The Rise and then the Fall

The Rise and then the Fall by Ian Curr — Print friendly PDF

This year, 2008, everyone has been talking about the fall of the stock markets around the world — “more than a third wiped off the market” says the ABC’s finance pundit, Alan Kohler. “Australia is in recession, the market has spoken” he adds.

The Decline in Union Membership 1911 - 2008
The Decline in Union Membership 1911 - 2008

‘Is American Capitalism over?’ ask the newspapers.

Over the past 25 years there has been another decline that rarely makes the headlines.

After auspicious beginnings in the 1890s and up till the stock market crash of 1929 workers organisations made steady progress. Then there were the hard years of the depression.

The unemployed workers union and the militant minority. Workers carrying their swags from town to town. Both capitalism and worker hit skid row. Roosevelt introduced The New Deal in the USA but it failed when unemployment rose again. Only war could save the capitalists, and workers paid with their lives.

Still in the 30s a few got organised and by the 1950s and 1960s workers were back in the struggle with some moThe Decline in Trade Union Membership - Whydest gains on the waterfront, the building site and in the factory.

Capitalism reached its peak.

Big mining and construction booms and jobs to go with it. For a while even wages kept pace with profits for a few short moments. Then Vietnam and the OPEC Oil crisis. Only wars could save the beast.

People lost faith.

They shot Martin Luther King after a garbage workers strike in the South.

A Bolivian army sergeant shot dead Che Guevara.

A death squad shot black leader Patrice Lumumber in the Congo.

US army Lt Calley’s men shot villagers at Mai Lai.

Pinochet killed Salvador Allende with the help of the CIA.

The racists killed Steve Biko and Chris Harney in South Africa — targeted killings were all the rage in the CIA — only Fidel Castro seemed able to elude the bullet.

Workers lost hope.

The pundits told us that Whitlam would wreck the economy. Yet it was capitalism not Gough that bought stagflation, with high inflation and high unemployment.

Our union leaders accepted the current wisdom and found refuge in economic rationalism. They took the U out of Labour. Bureaucrats even took over the Builders Labourers Federation from Jack Mundey. Still not enough. So Hawke outlawed the Builders Labourers.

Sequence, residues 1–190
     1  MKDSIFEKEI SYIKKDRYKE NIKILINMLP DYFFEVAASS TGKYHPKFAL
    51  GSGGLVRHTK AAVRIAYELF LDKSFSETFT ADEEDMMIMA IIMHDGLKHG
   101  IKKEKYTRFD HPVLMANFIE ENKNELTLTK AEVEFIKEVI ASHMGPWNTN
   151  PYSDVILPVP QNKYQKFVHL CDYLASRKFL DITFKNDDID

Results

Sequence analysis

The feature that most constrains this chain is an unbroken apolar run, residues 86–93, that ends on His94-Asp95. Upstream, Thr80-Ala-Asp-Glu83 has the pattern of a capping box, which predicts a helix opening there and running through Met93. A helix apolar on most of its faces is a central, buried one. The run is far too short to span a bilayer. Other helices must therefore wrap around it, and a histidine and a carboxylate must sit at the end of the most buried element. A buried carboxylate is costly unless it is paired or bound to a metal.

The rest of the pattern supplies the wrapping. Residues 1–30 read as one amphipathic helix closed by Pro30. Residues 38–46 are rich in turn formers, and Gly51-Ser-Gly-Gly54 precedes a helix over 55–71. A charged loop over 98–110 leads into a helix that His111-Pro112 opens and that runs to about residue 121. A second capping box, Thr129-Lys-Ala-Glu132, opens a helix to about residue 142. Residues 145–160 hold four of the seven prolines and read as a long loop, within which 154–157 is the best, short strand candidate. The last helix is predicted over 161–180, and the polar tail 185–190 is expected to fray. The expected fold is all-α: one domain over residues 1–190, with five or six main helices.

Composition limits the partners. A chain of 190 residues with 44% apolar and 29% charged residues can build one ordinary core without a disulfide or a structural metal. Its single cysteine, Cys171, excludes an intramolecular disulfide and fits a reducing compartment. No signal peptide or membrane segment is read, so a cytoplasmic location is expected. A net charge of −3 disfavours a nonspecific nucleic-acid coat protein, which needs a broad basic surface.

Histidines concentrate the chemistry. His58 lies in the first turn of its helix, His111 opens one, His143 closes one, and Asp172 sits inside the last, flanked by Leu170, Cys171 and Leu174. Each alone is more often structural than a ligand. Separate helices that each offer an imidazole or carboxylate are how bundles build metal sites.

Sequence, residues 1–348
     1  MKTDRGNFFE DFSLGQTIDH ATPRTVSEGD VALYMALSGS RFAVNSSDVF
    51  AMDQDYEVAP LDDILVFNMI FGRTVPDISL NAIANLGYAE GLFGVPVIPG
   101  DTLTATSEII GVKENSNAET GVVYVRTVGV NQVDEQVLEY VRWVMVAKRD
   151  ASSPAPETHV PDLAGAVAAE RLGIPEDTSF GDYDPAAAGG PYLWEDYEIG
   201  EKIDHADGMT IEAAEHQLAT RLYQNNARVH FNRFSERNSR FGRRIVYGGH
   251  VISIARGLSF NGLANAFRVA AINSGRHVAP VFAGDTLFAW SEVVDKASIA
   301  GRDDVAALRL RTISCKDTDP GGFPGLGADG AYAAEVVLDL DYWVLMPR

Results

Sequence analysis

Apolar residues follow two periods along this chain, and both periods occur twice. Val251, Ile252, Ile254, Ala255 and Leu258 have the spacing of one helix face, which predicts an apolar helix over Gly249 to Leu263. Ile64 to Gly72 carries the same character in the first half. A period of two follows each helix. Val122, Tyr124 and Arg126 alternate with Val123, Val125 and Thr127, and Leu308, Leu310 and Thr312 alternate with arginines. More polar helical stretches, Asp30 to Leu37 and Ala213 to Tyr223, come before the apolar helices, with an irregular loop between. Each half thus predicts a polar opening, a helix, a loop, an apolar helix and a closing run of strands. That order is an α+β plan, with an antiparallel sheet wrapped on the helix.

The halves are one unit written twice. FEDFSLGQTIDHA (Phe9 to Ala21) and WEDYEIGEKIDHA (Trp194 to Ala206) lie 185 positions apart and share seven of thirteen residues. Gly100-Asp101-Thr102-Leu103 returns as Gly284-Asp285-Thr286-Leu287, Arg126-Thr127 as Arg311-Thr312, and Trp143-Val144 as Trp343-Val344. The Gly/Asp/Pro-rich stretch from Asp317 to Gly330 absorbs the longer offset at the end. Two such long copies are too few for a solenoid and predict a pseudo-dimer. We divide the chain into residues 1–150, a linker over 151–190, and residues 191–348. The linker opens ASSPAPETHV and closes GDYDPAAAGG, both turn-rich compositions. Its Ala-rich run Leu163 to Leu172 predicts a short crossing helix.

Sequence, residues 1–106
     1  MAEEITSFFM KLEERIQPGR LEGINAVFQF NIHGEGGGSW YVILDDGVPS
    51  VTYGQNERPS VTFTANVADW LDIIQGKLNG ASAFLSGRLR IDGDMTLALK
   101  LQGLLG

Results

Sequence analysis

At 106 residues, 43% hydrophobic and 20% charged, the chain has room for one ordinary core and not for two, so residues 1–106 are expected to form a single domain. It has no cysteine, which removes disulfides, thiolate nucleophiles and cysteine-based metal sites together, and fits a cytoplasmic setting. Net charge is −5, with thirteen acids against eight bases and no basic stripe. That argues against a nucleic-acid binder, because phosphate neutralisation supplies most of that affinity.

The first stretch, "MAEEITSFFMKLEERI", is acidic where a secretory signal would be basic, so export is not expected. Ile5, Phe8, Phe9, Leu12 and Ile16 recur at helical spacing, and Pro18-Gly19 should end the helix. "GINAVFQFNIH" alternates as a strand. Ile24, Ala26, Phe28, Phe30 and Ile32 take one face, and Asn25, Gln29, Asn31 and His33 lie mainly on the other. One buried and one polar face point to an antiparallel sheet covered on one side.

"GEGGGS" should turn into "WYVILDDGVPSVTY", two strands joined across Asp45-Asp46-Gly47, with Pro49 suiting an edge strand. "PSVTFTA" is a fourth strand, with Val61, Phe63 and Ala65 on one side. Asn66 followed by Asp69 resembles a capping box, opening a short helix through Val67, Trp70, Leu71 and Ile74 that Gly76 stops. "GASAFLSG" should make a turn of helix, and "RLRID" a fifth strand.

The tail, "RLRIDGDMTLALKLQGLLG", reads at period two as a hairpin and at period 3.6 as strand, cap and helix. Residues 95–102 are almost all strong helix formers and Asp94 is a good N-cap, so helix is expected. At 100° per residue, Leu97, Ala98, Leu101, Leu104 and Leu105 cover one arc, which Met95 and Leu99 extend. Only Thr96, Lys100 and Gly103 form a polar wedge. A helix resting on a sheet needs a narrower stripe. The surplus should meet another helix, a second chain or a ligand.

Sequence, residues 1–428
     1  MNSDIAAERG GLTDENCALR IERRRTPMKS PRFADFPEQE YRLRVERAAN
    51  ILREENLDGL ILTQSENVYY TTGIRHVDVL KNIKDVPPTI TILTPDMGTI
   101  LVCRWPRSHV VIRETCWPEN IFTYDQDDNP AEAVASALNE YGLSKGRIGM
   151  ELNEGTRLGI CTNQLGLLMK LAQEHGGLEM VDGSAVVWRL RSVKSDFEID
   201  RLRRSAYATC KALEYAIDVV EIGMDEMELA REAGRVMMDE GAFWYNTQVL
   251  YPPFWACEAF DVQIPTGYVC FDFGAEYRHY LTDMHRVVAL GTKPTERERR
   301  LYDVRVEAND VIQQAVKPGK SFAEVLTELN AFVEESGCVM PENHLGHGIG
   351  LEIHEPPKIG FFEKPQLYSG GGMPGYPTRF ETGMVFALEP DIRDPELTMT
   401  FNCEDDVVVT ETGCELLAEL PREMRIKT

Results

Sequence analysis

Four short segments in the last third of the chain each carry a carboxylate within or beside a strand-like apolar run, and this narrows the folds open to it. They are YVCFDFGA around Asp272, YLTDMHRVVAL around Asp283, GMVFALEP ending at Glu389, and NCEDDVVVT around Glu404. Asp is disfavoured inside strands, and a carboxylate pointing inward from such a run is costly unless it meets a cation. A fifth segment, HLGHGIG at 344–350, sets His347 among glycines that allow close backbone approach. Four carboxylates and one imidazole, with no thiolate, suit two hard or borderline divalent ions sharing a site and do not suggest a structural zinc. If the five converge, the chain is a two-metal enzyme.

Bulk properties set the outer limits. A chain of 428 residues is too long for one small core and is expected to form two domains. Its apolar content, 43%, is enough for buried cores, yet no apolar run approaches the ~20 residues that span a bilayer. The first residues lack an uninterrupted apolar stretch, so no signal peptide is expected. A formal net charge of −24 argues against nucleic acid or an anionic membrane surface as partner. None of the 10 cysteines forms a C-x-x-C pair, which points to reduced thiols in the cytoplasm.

Meanwhile developers built freeways and high-rise in the cities.

Men-in-suits stole even more land from Murris and Kooris and Nungas so the Big Australian could mine under the smokescreen of Native Title.

Meanwhile the Accord and Enterprise Barganining kept the workers in line.

The bosses were back on top.

The Wharfies fought back briefly and the toffs jailed Craig Johnston.

The jihadis killed thousands of workers in the twin towers and it was back to war.

The CIA have resumed their old standby — targeted killings were back in Baghdad, Beirut, Pakistan, Gaza and Kabul.

After the WaterFront - the workers are quiet And they give the workers bigger bills for fuel, food and housing.

So last week the ALP government put the unions out in the cold with ‘Forward with Fairness’.

So how to fightback?

Answers are hard to come by.

Read After the Waterfront – the workers are quiet and let us know what you think.

Ian Curr
Ph: 07 3398 5215
Web: Workers BushTelegraph

5 thoughts on “The Rise and then the Fall

  1. Infamous Victory:
    Ben Chifley’s Battle For Coal

    Channel: ABC1
    Thursday, 6 November 2008 – 8:30pm

    TV, G, Documentary

    60 minutes

    This is a story of coal, communism, and the Australian prime minister who went to war against his own during the national miners’ strike of 1949.

    Using rare archival footage and re-creations, this dramatised documentary takes us into the corridors of power to show how Labor Party leader Ben Chifley took on and defeated the growing forces of communism in Australia.

    This program explains the complex issues that the conflict raised and introduces the major players in the dispute, including Attorney-General Evatt, Immigration Minister Arthur Calwell, Chifley’s “spin doctor” Lloyd Ross and his brother Edgar Ross – a Communist Party executive and driving force behind the strike [Editor’s Note — I have my doubts about this comment. The CPA’s position on the strike was not as clear as the promotional blurb states. Edgar Ross always disputed the ABC’s account in previous docos].

    It portrays a fascinating era of Australian history. A former train driver from Bathurst, Chifley was a working-class hero, a Labor Party icon and “man of the people”. But his actions flew in the face of Labor values and tradition when he believed they were in the interests of post-war Australia.

    Chifley introduced draconian laws to prevent unions accessing funds to support the strike and sent in the army to replace striking miners – so defeating the Communist Party leadership that controlled the militant union. It was a battle he was determined to fight and win in the interests of the nation, despite knowing it would probably cost him government.

  2. Thanks to Maggie May & Michael Carden for the links below on COMMENTARY BY ALAN KOHLER on the economic crisis.

    But what about the workers and their organisations?

    Where are the articles and actions to prevent the tsunami that has hit the unions as indicated by the graph above?

    Anyway here are the links they sent around on the WorkLife list.

    A tsunami of hope or terror?
    COMMENTARY BY ALAN KOHLER: If the number of defaults of corporations listed in synthetic CDOs reaches nine, there will be a mass transfer of funds from investors into the banking system.

    This could tip us into global depression or, miraculously, end the crisis at a stroke. 19 Nov 2008 7:28 AM read more …

    See also

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